Chaos (Kaosu) Review

Better known for his masterful adaptation of famed Japanese novel Ring, director Hideo Nakata turned his hand to a complex thriller by the name of Chaos (Kaosu) back in 1999. Despite having already picked up the rights to Nakata's 2002 horror title Dark Water, UK distributors have thus far passed over Chaos making it somewhat of a hidden gem.

Chaos begins with a couple dining at a somewhat expensive looking restaurant, both are well dressed suggesting money is not a problem for them. While the husband, Komiyama, takes care of the cheque, his wife, Saori, wanders outside ahead of him, yet when Komiyama goes to join her she has mysteriously disappeared. Komiyama decides to return to his high profile managerial job where he later receives a phone call informing him that his wife has been kidnapped, and if he wants to see her alive he must pay thirty million yen. The police are soon involved and a drop point is arranged with the kidnapper, who when we see for the first time looks nervous and ill-prepared as he psyches himself up to make the next contact.

From this point on we begin to get a feel of how Chaos will play out as one scene fades to black and another begins, though we never quite know where the scene we are about to see will be placed in the grand scheme of things. What we see directly after these events is Saori arriving at the kidnappers house to initiate what is in actuality a staged kidnapping. Quite why she has asked this of Kuroda, who runs a 'handyman' business, will not be divulged until later in the story but rest assured what comes into play from this point forward are a series of twists, revelations and shocks as Kuroda soon finds himself with blood on his hands and a mystery that will slowly draw him into an ever increasing web of deceit and betrayal.

To describe the plot any further would reveal far too many spoilers and ruin the intrigue Nakata skilfully develops in Chaos, a film that works best when you go into it with little to no idea of the what the film has in store for you. So to continue this review I will attempt to describe the way in which Nakata conveys the story to the viewer, which has a great deal to do with structure through the aforementioned scenes that frequently end with a fade-to-black, whereupon the next piece of the puzzle begins. In between these intermittent flashbacks (that are not even in any specific time order) the story is furthered as we see the present day activities of Kuroda continue with the flashbacks serving extra detail to the viewer for the discoveries he makes. This creates a story that proves to be utterly compelling as you are being drip fed snippets of information that slowly comes together in your head just as it does for Kuroda. When the puzzle is solved Nakata stays true to form as he has further revelations up his sleeve for the finale that leaves you with as many questions as it does answers, and is in many ways the only real question mark I have towards the film as the conclusion is not as satisfactory as I might have hoped. But then due to this method of storytelling Chaos proves to contain a great deal of repeat value as through subsequent viewings you pick up on minor details you previously missed which leads to a more consistent outline in your mind regarding the actions taking place.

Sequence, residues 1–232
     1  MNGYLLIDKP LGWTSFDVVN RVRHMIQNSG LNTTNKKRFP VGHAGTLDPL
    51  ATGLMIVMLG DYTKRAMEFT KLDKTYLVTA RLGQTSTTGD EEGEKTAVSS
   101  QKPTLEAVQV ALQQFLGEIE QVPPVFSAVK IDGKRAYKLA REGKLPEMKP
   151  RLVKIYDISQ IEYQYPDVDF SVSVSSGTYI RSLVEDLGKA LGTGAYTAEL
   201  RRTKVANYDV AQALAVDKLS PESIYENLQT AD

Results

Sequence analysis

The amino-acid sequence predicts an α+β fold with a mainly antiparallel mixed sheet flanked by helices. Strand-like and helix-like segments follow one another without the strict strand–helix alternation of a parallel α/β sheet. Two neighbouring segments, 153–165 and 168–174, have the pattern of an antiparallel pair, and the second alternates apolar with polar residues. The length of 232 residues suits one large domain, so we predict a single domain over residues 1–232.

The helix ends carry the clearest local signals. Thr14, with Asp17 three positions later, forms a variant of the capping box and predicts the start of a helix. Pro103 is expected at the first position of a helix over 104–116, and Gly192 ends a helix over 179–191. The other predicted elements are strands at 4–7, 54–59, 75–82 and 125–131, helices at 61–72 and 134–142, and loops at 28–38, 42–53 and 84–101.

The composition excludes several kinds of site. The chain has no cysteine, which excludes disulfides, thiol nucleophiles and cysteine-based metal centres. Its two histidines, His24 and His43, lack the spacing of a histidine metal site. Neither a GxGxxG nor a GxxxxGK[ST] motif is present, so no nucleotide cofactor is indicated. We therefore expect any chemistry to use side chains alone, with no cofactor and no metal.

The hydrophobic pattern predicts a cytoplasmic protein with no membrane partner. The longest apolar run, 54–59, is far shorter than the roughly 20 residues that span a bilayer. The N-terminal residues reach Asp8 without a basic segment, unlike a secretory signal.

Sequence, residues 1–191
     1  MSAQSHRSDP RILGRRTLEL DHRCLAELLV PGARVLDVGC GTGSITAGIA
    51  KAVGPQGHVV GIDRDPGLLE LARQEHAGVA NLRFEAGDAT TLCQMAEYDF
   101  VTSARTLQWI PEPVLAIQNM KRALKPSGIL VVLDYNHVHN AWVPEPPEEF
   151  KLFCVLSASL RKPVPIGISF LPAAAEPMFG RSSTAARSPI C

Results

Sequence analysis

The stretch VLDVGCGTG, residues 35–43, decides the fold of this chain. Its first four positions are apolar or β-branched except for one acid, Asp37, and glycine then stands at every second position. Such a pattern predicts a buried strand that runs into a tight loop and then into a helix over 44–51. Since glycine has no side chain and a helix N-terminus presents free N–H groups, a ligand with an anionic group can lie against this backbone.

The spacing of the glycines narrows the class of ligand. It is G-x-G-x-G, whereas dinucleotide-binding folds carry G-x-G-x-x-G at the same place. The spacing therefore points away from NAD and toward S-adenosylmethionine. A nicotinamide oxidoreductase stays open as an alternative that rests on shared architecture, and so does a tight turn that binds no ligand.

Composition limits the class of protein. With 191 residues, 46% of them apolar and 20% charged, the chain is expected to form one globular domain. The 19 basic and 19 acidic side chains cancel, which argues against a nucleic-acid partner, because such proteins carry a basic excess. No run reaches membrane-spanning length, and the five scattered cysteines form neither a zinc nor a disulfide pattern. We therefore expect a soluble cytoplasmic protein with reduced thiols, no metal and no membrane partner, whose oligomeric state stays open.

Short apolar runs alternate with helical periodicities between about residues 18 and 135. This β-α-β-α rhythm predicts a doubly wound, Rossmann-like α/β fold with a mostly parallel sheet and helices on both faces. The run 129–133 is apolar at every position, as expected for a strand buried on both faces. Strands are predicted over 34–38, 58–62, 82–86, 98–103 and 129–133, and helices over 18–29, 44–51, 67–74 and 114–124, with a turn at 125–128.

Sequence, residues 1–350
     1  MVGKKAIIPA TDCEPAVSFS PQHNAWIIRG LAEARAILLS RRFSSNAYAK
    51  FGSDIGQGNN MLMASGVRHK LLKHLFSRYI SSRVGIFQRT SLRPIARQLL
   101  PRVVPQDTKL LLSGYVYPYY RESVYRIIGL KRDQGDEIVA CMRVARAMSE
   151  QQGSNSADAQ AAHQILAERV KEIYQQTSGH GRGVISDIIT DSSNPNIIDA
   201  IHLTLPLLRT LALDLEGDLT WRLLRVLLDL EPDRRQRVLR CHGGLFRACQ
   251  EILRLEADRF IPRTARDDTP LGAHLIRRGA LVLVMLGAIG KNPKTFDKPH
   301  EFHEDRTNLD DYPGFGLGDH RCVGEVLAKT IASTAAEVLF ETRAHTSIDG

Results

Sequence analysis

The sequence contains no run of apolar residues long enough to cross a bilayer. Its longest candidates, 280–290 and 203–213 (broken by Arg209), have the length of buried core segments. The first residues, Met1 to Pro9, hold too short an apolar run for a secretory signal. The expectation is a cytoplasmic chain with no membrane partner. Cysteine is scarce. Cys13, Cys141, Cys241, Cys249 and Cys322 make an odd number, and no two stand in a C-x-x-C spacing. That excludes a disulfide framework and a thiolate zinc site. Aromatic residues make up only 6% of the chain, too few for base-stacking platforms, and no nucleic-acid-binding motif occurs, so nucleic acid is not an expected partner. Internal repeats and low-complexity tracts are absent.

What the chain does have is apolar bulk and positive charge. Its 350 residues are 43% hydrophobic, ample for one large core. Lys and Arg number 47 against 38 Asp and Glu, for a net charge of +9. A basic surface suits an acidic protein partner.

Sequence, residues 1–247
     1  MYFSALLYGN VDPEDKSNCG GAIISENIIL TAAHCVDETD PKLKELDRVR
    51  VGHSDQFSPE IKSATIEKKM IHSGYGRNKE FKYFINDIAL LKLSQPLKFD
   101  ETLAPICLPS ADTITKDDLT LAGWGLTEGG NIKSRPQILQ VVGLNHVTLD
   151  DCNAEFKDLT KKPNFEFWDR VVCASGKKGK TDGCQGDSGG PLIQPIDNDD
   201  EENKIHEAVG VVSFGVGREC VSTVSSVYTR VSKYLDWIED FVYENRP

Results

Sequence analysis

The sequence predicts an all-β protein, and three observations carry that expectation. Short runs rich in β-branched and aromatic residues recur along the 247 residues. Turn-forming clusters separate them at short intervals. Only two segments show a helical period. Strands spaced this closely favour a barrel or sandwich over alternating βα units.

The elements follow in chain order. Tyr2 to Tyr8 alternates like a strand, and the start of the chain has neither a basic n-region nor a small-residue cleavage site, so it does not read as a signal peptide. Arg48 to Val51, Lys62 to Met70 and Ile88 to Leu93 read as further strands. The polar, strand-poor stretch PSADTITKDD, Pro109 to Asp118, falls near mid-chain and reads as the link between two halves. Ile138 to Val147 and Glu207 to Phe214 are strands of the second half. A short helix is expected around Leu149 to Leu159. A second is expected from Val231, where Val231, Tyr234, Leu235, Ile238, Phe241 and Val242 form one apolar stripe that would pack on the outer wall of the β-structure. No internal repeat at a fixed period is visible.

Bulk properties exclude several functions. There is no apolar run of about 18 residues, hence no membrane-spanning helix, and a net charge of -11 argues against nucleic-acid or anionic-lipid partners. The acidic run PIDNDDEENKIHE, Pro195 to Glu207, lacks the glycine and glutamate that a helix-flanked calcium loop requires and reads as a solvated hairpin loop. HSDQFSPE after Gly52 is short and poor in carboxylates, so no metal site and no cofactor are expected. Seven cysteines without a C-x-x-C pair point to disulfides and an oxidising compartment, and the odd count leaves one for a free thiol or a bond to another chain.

Complimenting the strong plot are two fine performances from the leads Masato Hagiwara (Kuroda) and Miki Nakatani (Saori) who literally smoulder onscreen, especially during the initial kidnapping sequences. The chemistry between them is staggeringly intense that when combined with the sublime yet sparingly used percussion based score creates an incredible sense of eroticism that is frequently played upon during the rest of the films proceedings and is essential to the films success. Nakata builds further upon these elements with tightly paced editing and visually interesting camera techniques that help to keep the audience stuck to their seats thanks to the ever-increasing sense of tension and foreboding that is created by the sum of these parts.